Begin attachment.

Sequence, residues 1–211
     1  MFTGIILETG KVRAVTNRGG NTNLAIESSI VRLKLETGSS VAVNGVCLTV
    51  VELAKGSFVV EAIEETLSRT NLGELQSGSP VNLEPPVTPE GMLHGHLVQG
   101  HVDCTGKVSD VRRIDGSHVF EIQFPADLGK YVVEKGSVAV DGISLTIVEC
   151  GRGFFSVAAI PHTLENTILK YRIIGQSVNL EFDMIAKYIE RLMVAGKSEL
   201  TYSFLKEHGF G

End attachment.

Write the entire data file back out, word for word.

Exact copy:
Sequence, residues 1–211
     1  MFTGIILETG KVRAVTNRGG NTNLAIESSI VRLKLETGSS VAVNGVCLTV
    51  VELAKGSFVV EAIEETLSRT NLGELQSGSP VNLEPPVTPE GMLHGHLVQG
   101  HVDCTGKVSD VRRIDGSHVF EIQFPADLGK YVVEKGSVAV DGISLTIVEC
   151  GRGFFSVAAI PHTLENTILK YRIIGQSVNL EFDMIAKYIE RLMVAGKSEL
   201  TYSFLKEHGF G